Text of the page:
Editor’s Note: Ching Ching Tan teaches Public Speaking for Nonnative Speakers at San José State University. She is a Public Voices Fellow with The Op-Ed Project, and currently writing her memoir, NATURALIZED. The views expressed in this commentary are her own. Read more opinion on CNN.
Director Steven Spielberg deliberately omitted subtitles for scenes in Spanish in his remake of the film “West Side Story” which is currently in theaters. “If I subtitled the Spanish I’d simply be doubling down on the English and giving English the power over the Spanish. This was not going to happen in this film, I needed to respect the language enough not to subtitle it,” he said. This is a bold move, as speaking a language other than English in this country inherits an apology.
Please, forgive my occasional verbal stumbles and awkward English pronunciation. English is not my first language. Sounds familiar? The term “nonnative speaker” is commonly used to describe people like me who grew up with another language and then learned English later on in life. It’s time to change this demeaning adjective for one that respectfully refers to our linguistic identity. In the spirit of respect, stop making us apologize for who we are.
Calling anybody non-anything is invalidating. It’s like a woman being called a non-man or a minority being called non-White. If “native” is the so-called norm, then calling someone a “nonnative ” perpetuates the departure from the “norm,” and does not reflect who the speakers really are.
We should replace “nonnative speaker” with “English learner” or “multilingual speaker.” The change could transform how we teach students and could shift public attitudes to be more welcoming toward us.
I was excited to see that the US Department of Education is using “English Language Learners” or “English Learners” to identify kindergarten through high school students whose “native language is not English – but who are actively trying to learn it.”
We’re a country of immigrants. Each year, around 1.18 million immigrants arrive in the US, according to data from the US Department of Homeland Security. Among immigrant households in the country, only 17% speak English. The rest speak Spanish (43%), Chinese (6%), Hindi and related languages (5%), and so on, according to a Pew Research Center analysis of the 2017 American Community Survey. We cannot pretend that new immigrants can magically speak and write in English as soon as they come. On average, it takes four years to achieve English language proficiency and academic English proficiency can take four to seven years, according to different studies. And keep in mind that this data is for K-12 students, who learn relatively faster than adults. The older you start learning a new language the more difficult it becomes.
I came from China in my 30s, and have been here in the US for 16 years. I feel like I have never achieved the proficiency I wish to have. I am a lifelong English learner. Many adult immigrants struggle with English even more than I do. And a discouraging response from native speakers won’t help.
When it comes to native English speakers, we cannot deny that the assumption is that someone who speaks American or British English is White. But think of Indians and Singaporeans, who are also natively born into the English language, but aren’t seen as native speakers or in some cases don’t consider themselves to be ones.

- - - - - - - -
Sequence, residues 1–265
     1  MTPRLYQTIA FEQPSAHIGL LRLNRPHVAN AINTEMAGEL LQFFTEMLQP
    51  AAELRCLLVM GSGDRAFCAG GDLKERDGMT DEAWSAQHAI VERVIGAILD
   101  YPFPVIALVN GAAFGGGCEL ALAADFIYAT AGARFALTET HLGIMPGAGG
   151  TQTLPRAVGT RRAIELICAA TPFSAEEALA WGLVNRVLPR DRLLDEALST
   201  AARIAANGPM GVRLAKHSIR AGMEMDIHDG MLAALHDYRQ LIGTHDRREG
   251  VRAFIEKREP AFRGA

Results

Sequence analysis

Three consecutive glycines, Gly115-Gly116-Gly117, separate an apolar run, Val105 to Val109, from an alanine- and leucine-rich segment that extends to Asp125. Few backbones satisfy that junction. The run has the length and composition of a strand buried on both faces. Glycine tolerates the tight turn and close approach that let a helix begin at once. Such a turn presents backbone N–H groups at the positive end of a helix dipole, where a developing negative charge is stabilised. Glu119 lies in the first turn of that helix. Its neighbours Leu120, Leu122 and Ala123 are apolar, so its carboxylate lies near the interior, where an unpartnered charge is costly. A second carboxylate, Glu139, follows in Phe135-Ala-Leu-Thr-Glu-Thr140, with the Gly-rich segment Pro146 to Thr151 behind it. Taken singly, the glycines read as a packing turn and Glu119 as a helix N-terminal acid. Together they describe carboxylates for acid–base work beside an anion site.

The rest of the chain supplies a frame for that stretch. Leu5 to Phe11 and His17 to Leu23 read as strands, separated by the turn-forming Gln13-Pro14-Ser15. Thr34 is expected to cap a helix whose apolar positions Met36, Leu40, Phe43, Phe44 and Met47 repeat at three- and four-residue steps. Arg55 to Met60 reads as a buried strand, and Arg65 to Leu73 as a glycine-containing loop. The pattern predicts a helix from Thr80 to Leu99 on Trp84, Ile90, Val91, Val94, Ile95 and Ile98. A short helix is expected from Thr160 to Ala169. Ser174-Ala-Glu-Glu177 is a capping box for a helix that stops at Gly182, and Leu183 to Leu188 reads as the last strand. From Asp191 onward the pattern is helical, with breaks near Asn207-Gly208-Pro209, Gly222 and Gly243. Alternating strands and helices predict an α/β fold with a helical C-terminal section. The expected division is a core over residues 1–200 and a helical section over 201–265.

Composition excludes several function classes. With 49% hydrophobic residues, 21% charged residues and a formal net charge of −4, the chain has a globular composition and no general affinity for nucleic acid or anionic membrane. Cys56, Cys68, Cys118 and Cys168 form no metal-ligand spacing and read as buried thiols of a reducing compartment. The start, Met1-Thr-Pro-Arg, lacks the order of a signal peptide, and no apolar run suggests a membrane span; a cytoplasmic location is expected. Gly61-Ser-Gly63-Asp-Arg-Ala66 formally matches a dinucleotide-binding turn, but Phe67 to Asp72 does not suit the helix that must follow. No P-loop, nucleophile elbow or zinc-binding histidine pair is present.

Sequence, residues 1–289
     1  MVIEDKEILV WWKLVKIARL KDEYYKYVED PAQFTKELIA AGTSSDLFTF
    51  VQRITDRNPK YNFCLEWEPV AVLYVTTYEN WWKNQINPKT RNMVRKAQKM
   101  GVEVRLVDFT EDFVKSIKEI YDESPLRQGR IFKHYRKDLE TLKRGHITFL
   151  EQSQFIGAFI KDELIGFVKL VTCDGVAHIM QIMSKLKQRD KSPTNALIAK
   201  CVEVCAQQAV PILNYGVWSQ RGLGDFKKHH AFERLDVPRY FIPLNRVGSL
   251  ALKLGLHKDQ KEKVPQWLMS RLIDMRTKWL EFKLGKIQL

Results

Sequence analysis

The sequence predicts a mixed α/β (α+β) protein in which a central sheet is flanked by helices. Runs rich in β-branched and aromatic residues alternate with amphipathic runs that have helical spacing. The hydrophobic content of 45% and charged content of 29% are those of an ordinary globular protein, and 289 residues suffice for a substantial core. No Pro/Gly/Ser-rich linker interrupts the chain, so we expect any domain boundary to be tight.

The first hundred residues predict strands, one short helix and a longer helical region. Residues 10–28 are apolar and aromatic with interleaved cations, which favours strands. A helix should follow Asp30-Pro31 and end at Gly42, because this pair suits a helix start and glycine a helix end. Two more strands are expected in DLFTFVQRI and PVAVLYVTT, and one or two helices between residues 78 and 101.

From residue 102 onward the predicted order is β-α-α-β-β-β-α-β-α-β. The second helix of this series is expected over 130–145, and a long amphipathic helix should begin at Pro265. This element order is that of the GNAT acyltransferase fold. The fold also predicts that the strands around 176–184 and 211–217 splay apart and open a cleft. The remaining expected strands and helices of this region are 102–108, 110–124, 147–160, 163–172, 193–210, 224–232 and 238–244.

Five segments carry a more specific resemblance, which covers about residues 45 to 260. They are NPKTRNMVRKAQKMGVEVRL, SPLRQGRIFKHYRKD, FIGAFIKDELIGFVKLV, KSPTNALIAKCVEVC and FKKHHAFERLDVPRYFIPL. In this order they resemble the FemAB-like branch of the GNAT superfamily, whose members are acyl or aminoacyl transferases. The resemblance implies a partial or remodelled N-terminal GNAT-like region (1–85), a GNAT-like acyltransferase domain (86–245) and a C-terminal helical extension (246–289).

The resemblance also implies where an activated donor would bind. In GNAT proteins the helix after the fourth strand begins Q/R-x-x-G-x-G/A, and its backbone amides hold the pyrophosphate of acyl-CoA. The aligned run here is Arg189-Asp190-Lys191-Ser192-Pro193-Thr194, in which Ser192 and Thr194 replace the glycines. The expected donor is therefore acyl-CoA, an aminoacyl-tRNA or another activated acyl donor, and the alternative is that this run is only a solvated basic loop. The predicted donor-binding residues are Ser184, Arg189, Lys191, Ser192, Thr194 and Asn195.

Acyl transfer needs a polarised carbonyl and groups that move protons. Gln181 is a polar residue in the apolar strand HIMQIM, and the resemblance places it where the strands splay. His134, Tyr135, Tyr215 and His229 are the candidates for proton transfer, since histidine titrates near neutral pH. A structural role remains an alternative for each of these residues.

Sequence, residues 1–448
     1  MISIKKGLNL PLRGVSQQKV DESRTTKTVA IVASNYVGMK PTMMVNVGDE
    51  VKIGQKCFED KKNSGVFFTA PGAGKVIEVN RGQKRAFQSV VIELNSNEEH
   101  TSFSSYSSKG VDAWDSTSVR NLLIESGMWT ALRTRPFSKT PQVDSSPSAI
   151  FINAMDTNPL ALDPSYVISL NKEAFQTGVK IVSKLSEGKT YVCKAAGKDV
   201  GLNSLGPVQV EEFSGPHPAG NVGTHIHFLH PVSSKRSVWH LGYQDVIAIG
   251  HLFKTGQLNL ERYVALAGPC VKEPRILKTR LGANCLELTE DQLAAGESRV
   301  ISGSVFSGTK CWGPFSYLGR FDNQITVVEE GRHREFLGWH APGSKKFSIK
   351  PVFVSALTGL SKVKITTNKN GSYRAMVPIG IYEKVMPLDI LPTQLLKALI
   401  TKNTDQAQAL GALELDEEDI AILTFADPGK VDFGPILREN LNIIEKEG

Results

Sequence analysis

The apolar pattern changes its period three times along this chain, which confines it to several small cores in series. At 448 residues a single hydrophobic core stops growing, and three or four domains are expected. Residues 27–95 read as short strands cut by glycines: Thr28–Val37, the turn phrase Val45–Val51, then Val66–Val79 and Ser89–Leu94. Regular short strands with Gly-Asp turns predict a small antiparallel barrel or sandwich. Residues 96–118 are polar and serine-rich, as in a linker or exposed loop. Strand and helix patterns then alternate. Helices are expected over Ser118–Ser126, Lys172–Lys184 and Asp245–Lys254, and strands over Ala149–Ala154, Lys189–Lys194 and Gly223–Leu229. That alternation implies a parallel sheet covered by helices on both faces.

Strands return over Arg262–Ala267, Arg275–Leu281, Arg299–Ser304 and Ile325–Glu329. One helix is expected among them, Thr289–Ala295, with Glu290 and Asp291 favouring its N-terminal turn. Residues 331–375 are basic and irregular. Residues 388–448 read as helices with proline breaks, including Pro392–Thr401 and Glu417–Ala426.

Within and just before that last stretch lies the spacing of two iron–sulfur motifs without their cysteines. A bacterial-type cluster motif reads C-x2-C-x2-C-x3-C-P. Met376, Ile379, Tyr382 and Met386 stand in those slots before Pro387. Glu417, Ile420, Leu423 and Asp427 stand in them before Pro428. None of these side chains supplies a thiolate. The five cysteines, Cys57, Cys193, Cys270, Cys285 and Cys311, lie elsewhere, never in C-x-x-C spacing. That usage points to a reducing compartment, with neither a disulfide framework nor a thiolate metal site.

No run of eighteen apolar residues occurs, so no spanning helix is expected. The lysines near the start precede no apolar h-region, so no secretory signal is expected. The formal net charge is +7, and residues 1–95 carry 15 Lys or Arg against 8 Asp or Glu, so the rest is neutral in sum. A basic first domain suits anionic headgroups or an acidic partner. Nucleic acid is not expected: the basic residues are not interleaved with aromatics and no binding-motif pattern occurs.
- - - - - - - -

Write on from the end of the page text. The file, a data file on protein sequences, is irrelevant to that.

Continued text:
Putting “non” before “native speaker” emphasizes a deficit. The negation as a prefix signals this part of our identity is never enough. In the US, not speaking English or speaking English with an accent means it’s hard to pass as an American.
Spielberg’s authentic use of Spanish in “West Side Story” drastically contrasts with, for example, then-President Donald Trump mocking Puerto Rico in a Spanish accent during Hispanic Heritage Month in 2017, just weeks after the island was slammed by Hurricane Maria. Spielberg’s decision to refrain from subtitles in the remake of the 1961 film, on the other hand, shows respect to the language and its speakers.
Instead of nonnative speakers, we should be called bilingual or multilingual speakers. In fact, people who come to the US and are in school, however different their level of English mastery, already speak more than one language. Describing us as multilingual emphasizes our achievements and that learning English adds to the richness of our identity.
Calling us English learners emphasizes the process of learning, that with time we can and will get better at communicating with those who speak English from birth. This name gives priority to the journey of growth.
To be sure, words have their limitations. I am aware that both of my suggestions could leave out important meanings. “Multilingual” could also mean native speakers who are learning other new languages, or those who speak multiple languages but none of them is English. Some may not like to be called English learners because it does not value other languages a person may speak.
Let’s choose the comfortable term and remind people about it. Personally, I use both interchangeably. I call myself an English learner so I am reminded to keep on learning. And every time I hear, “Sorry, English is not my first language,” I say, “So you are multilingual. Good for you!”
Language is not only what we utter, but our history and identity. We can’t claim to be a diverse society if we ignore all the colorful languages immigrants speak. Mourning from the death of bell hooks this week, I revisit her words of wisdom in Teaching to Transgress, “this call for the acknowledgment and celebration of diverse voices, and consequently of diverse language and speech, necessarily disrupts the primacy of standard English.” Spielberg showed us, a nation historically obsessed with the idea of domination, that respect is a courageous choice and that multilingualism is our true color. It is who we are.